Missy winked. Scott didn't know if the wink was because she knew his speech was bullshit or if she was flirting again. Like all good-looking single girls in Dallas, Missy had made flirting an art form, always managing to catch his eye when crossing her long lean legs or brush against him in the elevator or just look at him in a way that made him feel as if they were on the brink of an affair. Of course, every male at the firm felt that way about Missy, but Scott was annually voted the best-looking male lawyer at Ford Stevens by the firm's female support staff, not that it was much of a contest. Scott had been a star football player in college; most lawyers were star chess players. Like Bob here.
Missy and Bob departed, and Scott went around behind his desk and sat in his high-backed leather chair. His eyes found the phone; four lines were blinking. Without conscious thought, his trained mind instantly prioritized the calls: Tom, Stan, George, wife. Tom had paid the firm $3 million last year, Stan $150,000, George $50,000, and his wife nothing.
Scott picked up the phone and punched Tom's line.
Scott was waiting impatiently for the elevator in the lobby of the sixty-second floor, on his way to see Tom Dibrell on the sixty-ninth floor. He could not restrain a smile. He was blessed with the kind of rich client lawyers dream about: a real-estate developer addicted to the deal; a client who habitually borrowed, bought, built, leased, sold, sued, and got sued, and, most important, who possessed an uncanny knack for getting himself into one precarious legal predicament after another, extrication from which always requiring the very expensive legal services of A. Scott Fenney, Esq.
Sue arrived, her face flushed from running after him.
"Mr. Fenney, you have the partnership meeting at two."
Scott checked his watch: 1:45.
"I can't make it. Tom needs me. What's on the agenda?"
Sue handed him the partnership meeting agenda. Only one item required his vote: the termination of John Walker as a partner in the firm. Unlike Scott, John was no longer a blessed lawyer. His rich client had just been bought out by a New York company, which meant his client would no longer be paying legal fees to Ford Stevens; and which now meant John Walker would no longer be employed at Ford Stevens. His $800,000 salary had just become an unnecessary expense to the firm. John was a brilliant lawyer, and he and Scott played hoops together twice a week, but this was business: brilliant lawyers without rich clients were worthless to a large law firm.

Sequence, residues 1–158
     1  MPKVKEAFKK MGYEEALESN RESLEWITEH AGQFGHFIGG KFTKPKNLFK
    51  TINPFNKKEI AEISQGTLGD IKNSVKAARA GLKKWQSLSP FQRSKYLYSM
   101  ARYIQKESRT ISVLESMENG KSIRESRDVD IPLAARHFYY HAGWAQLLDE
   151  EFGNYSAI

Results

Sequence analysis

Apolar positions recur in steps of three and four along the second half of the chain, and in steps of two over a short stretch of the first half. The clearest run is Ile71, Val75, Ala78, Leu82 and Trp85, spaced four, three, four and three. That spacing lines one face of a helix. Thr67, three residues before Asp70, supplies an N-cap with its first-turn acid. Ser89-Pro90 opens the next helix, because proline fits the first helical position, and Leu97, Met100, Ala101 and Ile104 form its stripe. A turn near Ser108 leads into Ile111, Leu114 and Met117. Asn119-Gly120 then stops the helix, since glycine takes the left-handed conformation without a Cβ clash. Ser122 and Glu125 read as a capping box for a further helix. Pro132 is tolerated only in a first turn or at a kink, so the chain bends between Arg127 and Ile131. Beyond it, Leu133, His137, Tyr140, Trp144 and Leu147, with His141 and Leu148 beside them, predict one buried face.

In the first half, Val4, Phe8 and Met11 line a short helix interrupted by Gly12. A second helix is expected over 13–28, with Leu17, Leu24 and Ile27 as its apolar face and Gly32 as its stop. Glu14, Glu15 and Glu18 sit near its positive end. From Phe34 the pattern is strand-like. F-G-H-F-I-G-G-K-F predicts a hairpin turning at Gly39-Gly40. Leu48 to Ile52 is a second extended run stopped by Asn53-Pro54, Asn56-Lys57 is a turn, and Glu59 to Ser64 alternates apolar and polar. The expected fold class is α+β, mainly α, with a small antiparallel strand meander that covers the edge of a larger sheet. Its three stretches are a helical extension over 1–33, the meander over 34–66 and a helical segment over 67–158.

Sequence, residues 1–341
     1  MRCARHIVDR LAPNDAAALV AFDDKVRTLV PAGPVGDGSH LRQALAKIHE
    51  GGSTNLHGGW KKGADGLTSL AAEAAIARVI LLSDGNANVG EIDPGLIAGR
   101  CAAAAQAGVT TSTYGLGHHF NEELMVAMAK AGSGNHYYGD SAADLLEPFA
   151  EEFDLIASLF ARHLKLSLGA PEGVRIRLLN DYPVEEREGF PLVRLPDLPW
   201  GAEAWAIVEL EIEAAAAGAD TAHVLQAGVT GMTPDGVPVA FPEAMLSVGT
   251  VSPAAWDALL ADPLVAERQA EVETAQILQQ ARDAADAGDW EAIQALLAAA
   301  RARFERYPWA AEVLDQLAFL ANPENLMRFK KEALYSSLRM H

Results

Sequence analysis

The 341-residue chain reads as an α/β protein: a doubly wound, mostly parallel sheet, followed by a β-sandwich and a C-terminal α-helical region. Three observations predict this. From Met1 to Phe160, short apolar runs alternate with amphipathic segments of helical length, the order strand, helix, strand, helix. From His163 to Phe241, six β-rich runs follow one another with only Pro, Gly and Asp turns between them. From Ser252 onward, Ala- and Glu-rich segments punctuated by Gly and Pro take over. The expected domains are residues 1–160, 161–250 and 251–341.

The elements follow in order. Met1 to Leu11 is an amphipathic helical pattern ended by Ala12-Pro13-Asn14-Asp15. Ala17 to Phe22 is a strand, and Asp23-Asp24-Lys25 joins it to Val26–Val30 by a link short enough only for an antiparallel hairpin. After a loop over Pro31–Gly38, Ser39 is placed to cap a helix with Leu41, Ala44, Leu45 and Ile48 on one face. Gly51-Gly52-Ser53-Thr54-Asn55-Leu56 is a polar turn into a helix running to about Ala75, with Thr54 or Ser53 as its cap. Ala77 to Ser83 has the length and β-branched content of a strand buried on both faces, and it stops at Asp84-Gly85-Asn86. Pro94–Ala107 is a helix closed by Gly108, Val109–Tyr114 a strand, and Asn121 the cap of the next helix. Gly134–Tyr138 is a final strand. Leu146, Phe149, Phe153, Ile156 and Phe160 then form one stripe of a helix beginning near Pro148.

The elevator doors opened just as Scott reached into his coat for his pen. He stepped inside and Sue followed. Attached to the agenda was a partnership ballot: TERMINATION OF JOHN WALKER. The only partner in the firm who didn't know John Walker would be fired today was John Walker. Dan Ford believed surprise was critical when firing a partner; otherwise that partner might walk out the door with a few of the firm's clients. So in fifteen minutes John Walker would walk into Dan's office, be unceremoniously fired after twelve years with the firm, and then be escorted from the building by security guards. The firm had never lost a single client to a terminated lawyer.
Sue turned and offered her back; Scott put the ballot against her back and his pen to the ballot and started to sign A. Scott Fenney—but he froze. He felt guilty, even though his vote was a mere formality, a nod to the illusion that the Ford Stevens law firm was a partnership of equal lawyers. In fact, Dan Ford owned the firm and every lawyer, office, desk, and book in the firm; and Dan had already decided to fire John Walker. Scott could either rubber-stamp Dan's decision or refuse and . . . what? . . . join John in the unemployment line? He sighed and signed the ballot in the for column, then handed the ballot back to Sue and said, "Give that to Dan."
She stared at the ballot like it was a death warrant and then said, almost in a whisper: "His wife has breast cancer."
"No. John Walker's wife. His secretary said it's in her lymph nodes."
"You're kidding? Jesus, she's young."
Scott's mother had been young, too, only forty-three, when the same cancer had killed her. Scott had watched helplessly as she lost her breasts, her hair, and her life. He now thought of John's wife and of John, who would soon be standing on the street outside this building, coat and career in hand, cursing his partners for abandoning him and God for abandoning his wife, just as Scott had cursed God as the cancer consumed his mother's body ounce by ounce until she felt like a feather pillow when he lifted her from the bed and carried her to the bathroom.
He could do no more for John's wife than he could for his mother, and no more for John than all the other lawyers Dan Ford had fired without warning . . . but still. Scott stared at himself in the mirrored wall until the elevator eased to a smooth stop and the doors opened on the sixty-ninth floor. The elevator chime snapped him out of his thoughts like a referee's whistle after an injury time-out. He stepped out. The elevator doors closed behind him, and he entered the domain of Dibrell Property Company, the firm's landlord and his most important client, accounting for over ninety percent of the legal fees he generated each year, fees that had bought everything Scott Fenney owned in life, from the bed he slept in to the shoes on his feet.
Excerpted from The Color of Law by Mark Gimenez Copyright © 2005 by Mark Gimenez. Excerpted by permission of Doubleday, a division of Random House, Inc. All rights reserved. No part of this excerpt may be reproduced or reprinted without permission in writing from the publisher.